The pharmacodynamics (PD) and pharmacokinetics (PK) of salbutamol in children and adults appear to be similar.12–17 Once in the systemic circulation, salbutamol is cleared directly by renal excretion or metabolised to the inactive 4′-0-sulphate which is then excreted in urine.17 The half-life of salbutamol in plasma is 4–6 h.7 ,12–17 Hence, relatively frequent dosing with inhaled drug, a loading dose followed by a continuous infusion of intravenous drug or some combination of inhaled and intravenous therapy is required to maintain therapeutic concentrations of drug in blood.

Inhaled and intravenous salbutamol dosing should be based on estimates of volume of distribution (V) and clearance (Cl) generated through PK studies. The very limited amount of PK data relating to salbutamol indicate that while estimates of V and Cl following inhaled salbutamol are significantly different to those obtained after intravenous administration of drug,12–17 age does not significantly affect estimates of V and Cl for either the inhaled or the intravenous route of drug administration. Although this latter observation somewhat contrasts with the principle that drug Cl increases non-linearly with age,18 the available PK data indicates that intravenous salbutamol dosing for children and adults should still relate reasonably closely.

The bronchodilator action of salbutamol in stable asthma is associated with blood concentrations between 5 and 20 ng/mL for children and adults.12 ,13 ,19–21 Multiple doses of inhaled salbutamol, as might be used in an acute attack of asthma, generate blood concentrations between 20 and 40 ng/mL.19–21 The blood concentration of salbutamol associated with adverse reactions in children is not known. In adults, salbutamol toxicity is associated with blood concentrations greater than 30 ng/mL with a putative lethal level of >160 ng/mL.22 Very high blood salbutamol concentrations (196–586 ng/mL) have been recorded in children receiving intravenous salbutamol and mechanical ventilation for severe asthma.23 ,24 The intravenous salbutamol doses given to children in these case reports were in keeping with those recommended in current intravenous salbutamol dosing guidance.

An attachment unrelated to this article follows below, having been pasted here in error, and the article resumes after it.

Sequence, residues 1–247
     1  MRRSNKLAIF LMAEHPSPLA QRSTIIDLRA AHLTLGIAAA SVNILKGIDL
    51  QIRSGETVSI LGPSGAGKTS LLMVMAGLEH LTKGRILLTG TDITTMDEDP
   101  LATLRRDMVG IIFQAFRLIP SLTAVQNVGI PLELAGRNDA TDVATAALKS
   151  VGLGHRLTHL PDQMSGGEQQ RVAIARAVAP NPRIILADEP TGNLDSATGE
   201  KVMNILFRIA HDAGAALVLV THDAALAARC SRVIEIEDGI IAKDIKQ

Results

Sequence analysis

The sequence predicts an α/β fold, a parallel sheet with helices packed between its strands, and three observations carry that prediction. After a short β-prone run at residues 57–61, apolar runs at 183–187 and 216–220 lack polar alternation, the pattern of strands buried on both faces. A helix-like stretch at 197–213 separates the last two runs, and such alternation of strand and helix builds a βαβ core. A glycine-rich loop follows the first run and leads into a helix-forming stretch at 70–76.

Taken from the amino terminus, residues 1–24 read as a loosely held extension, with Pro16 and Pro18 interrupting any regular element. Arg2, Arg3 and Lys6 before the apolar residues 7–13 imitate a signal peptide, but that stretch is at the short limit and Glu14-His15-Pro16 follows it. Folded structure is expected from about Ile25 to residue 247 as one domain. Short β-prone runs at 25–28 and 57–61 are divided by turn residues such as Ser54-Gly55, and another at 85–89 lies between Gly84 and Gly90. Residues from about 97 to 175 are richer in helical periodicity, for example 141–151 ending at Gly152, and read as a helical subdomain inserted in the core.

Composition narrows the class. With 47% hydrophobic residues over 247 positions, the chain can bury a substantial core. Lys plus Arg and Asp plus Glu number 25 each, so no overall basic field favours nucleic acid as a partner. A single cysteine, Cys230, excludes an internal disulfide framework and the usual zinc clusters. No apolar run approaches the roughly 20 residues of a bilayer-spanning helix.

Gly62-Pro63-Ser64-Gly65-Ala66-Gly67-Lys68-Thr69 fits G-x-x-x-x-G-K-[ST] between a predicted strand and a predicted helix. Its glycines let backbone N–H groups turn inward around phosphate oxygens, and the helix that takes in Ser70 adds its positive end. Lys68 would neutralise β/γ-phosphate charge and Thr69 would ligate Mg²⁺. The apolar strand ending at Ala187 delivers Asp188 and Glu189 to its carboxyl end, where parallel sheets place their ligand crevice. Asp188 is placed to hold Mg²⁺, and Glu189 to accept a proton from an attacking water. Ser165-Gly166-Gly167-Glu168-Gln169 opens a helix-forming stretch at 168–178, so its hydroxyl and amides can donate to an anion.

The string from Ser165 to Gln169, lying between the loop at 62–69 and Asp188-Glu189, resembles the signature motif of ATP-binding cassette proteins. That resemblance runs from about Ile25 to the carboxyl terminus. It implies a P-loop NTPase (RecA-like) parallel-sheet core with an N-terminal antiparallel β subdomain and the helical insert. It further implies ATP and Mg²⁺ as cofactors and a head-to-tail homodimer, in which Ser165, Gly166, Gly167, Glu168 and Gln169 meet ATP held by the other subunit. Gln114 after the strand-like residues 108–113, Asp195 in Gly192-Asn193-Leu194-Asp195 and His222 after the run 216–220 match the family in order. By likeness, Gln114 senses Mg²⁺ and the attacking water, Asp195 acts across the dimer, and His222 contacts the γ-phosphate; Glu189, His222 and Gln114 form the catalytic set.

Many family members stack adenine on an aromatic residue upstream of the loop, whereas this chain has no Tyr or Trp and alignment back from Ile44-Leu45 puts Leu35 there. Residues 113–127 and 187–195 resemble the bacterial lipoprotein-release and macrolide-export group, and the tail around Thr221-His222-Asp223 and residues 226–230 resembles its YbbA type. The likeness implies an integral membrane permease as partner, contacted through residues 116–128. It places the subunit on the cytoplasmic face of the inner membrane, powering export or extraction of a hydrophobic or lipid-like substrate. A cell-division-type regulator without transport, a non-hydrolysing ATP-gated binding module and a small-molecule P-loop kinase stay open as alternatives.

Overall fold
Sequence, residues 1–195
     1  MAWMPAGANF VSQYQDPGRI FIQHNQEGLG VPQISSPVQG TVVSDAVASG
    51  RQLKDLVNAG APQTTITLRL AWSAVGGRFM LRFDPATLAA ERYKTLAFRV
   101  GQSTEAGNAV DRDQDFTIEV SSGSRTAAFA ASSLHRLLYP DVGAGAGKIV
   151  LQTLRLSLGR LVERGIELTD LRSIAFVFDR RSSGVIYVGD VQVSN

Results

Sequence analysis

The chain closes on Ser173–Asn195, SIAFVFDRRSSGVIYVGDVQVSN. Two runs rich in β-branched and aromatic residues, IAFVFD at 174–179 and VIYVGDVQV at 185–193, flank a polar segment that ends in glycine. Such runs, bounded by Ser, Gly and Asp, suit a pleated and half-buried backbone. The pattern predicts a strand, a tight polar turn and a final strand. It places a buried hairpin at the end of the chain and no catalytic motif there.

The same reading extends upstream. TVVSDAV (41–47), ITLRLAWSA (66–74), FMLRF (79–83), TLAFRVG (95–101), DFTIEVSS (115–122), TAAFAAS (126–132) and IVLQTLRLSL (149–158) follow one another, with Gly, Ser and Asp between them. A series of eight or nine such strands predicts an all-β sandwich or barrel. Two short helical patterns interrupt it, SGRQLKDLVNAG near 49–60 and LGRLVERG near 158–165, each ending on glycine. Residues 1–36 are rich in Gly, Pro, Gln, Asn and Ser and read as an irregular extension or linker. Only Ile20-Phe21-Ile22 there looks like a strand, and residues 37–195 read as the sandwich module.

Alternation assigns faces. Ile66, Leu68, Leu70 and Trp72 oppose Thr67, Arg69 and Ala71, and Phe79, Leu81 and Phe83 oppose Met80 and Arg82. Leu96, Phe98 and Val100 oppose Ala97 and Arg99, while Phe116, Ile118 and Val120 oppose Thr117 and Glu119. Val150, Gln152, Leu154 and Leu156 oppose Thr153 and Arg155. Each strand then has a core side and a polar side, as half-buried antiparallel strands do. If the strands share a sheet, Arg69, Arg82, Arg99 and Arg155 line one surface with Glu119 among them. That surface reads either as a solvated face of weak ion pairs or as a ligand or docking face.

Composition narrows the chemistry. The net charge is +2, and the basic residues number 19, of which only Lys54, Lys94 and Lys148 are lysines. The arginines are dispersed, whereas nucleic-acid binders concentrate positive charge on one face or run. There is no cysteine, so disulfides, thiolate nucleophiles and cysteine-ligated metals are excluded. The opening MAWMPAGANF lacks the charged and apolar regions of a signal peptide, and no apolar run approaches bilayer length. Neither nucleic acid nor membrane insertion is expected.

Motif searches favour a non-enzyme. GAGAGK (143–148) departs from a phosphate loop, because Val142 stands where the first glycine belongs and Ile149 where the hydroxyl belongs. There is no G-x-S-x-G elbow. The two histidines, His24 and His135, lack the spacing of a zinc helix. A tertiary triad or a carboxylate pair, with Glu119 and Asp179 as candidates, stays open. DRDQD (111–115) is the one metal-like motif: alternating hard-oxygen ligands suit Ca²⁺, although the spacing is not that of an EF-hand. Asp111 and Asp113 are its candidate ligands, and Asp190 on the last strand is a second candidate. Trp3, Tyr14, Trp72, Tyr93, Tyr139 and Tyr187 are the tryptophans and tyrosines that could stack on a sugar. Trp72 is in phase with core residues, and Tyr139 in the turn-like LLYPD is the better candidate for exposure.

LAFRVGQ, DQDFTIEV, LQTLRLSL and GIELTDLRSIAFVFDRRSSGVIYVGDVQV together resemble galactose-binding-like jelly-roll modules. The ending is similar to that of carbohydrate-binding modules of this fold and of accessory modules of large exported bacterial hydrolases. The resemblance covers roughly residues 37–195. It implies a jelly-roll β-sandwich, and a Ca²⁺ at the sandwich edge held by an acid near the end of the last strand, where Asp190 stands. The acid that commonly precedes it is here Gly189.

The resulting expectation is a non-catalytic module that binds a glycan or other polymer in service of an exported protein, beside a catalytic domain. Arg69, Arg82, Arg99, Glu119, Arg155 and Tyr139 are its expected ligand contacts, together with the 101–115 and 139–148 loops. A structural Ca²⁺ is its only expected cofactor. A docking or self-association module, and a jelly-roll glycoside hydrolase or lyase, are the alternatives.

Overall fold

Common adverse reactions associated with salbutamol therapy in children include tremor, hyopkalaemia, increased lactate, hyperglycaemia and sinus tachycardia.1–5 25–27 Treatment-related supraventricular tachycardia is uncommon.1–5 ,23 Blood salbutamol concentrations in children and adults dying during the course of an asthma attack have been found to range from 1 to 787 ng/mL.28 Compared to a control group of individuals who recovered from an asthma exacerbation, individuals who died had significantly higher mean blood salbutamol concentrations (geometric mean=11.5 ng/mL and 33.5 ng/mL, respectively). Those with the highest blood salbutamol concentrations were given nebulised and intravenous drug concurrently. The known toxic effects of salbutamol have significant implications for patients and clinicians; β-adrenergic receptor stimulation heightens patient anxiety; lactic acidosis and tachycardia increase respiratory workload, and so exacerbate respiratory failure. Hence, while it should always be possible to detect a worsening clinical picture in a child with severe asthma on high-dose salbutamol therapy, it may not always be easy to determine whether deterioration is due to worsening asthma, salbutamol toxicity or a combination of the two. Moreover, taking appropriate measures in these circumstances requires significant clinical experience and a thorough understanding of salbutamol clinical pharmacology.

Intravenous salbutamol dosing recommendations for children

Intravenous salbutamol is only licensed for adults and children over 12 years. The license does not extend to children under 12 years of age due to a lack of safety and effectiveness data (see table 1).4 ,5

Table 1

Intravenous salbutamol dosing recommendations in British National Formularies for Children (BNFc) and adults (BNF)

All childhood asthma treatment guidelines recognise that dosing recommendations for intravenous salbutamol are not founded on age-appropriate PK-PD data.1–5 Possibly as a result, these guidelines are inconsistent with respect to salbutamol dosing in children. By way of example, for those over 2 years of age, UK British Thoracic Society/Scottish Intercollegiate Guideline Network (BTS/SIGN) asthma guide recommends 15 mcg/kg (to a maximum of 250 μg) intravenous bolus dose over 10 min and a continuous infusion of 1–5 μg/kg/min. However, there is no guidance for children less than 2 years of age.1 By contrast, the UK paediatric formulary (BNFc) recommends the same bolus dose for over 2 years of age, but 5 μg/kg bolus dose for children under 2 years of age with all bolus doses given over 5 min rather than 10 min as per BTS /SIGN guidance.3 While these differences appear trivial at first glance, it is worth remembering that a bolus dose given over 5 min potentially generates higher blood concentration, and hence increases the risk of adverse effects, than one given over 10 min. To confuse matters further, there are no recommendations about concomitant use of nebulised β2-agonists during intravenous therapy.